September 22, 2019  |  

Insight into metabolic versatility of an aromatic compounds-degrading Arthrobacter sp. YC-RL1.

Authors: Ren, Lei and Jia, Yang and Zhang, Rui and Lin, Zhong and Zhen, Zhen and Hu, Hanqiao and Yan, Yanchun

The genus Arthrobacter is ubiquitously distributed in different natural environments. Many xenobiotic-degrading Arthrobacter strains have been isolated and described; however, few have been systematically characterized with regard to multiple interrelated metabolic pathways and the genes that encode them. In this study, the biodegradability of seven aromatic compounds by Arthrobacter sp. YC-RL1 was investigated. Strain YC-RL1 could efficiently degrade p-xylene (PX), naphthalene, phenanthrene, biphenyl, p-nitrophenol (PNP), and bisphenol A (BPA) under both separated and mixed conditions. Based on the detected metabolic intermediates, metabolic pathways of naphthalene, biphenyl, PNP, and BPA were proposed, which indicated that strain YC-RL1 harbors systematic metabolic pathways toward aromatic compounds. Further, genomic analysis uncovered part of genes involved in the proposed pathways. Both intradiol and extradiol ring-cleavage dioxygenase genes were identified in the genome of strain YC-RL1. Meanwhile, gene clusters predicted to encode the degradation of biphenyl (bph), para-substituted phenols (npd) and protocatechuate (pca) were identified, and bphA1A2BCD was proposed to be a novel biphenyl-degrading gene cluster. The complete metabolic pathway of biphenyl was deduced via intermediates and functional gene analysis (bph and pca gene clusters). One of the these genes encoding ring-cleavage dioxygenase in bph gene cluster, a predicted 2,3-dihydroxybiphenyl 1,2-dioxygenase (BphC) gene, was cloned and its activity was confirmed by heterologous expression. This work systematically illuminated the metabolic versatility of aromatic compounds in strain YC-RL1 via the combination of metabolites identification, genomics analysis and laboratory experiments. These results suggested that strain YC-RL1 might be a promising candidate for the bioremediation of aromatic compounds pollution sites.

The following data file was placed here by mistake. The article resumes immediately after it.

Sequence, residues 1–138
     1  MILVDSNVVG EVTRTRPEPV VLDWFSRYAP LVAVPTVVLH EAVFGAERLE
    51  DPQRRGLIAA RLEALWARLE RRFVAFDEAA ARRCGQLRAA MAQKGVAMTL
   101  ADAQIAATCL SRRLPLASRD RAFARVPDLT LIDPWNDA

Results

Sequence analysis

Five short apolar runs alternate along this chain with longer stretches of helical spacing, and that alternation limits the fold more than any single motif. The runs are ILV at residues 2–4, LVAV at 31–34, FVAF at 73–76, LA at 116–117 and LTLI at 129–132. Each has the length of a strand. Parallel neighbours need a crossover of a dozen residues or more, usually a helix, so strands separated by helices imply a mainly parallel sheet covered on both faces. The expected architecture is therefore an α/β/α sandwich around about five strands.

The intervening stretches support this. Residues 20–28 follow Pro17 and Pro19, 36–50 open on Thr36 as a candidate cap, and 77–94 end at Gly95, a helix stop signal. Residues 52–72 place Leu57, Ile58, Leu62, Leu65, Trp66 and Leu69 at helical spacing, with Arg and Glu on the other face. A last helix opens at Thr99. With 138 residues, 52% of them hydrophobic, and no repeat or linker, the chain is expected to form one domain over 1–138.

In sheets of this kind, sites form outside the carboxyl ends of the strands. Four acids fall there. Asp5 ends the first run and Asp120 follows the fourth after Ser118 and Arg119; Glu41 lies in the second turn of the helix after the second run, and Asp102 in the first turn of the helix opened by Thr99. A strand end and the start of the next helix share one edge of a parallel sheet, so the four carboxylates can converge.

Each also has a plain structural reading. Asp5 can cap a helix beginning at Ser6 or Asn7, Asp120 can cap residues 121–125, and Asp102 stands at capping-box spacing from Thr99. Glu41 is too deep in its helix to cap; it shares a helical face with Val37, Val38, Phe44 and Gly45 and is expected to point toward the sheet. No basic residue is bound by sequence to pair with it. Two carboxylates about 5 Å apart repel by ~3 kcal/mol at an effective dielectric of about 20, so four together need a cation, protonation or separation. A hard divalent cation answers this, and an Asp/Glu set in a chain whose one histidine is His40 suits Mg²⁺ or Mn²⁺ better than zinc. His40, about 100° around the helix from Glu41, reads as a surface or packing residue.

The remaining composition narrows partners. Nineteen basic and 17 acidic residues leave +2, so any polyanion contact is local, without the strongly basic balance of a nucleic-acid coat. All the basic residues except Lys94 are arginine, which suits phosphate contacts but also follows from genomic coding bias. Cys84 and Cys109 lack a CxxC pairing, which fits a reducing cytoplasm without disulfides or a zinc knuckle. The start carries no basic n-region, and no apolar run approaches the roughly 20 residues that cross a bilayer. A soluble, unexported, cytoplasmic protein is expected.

Journal: Frontiers in microbiology
DOI: 10.3389/fmicb.2018.02438
Year: 2018

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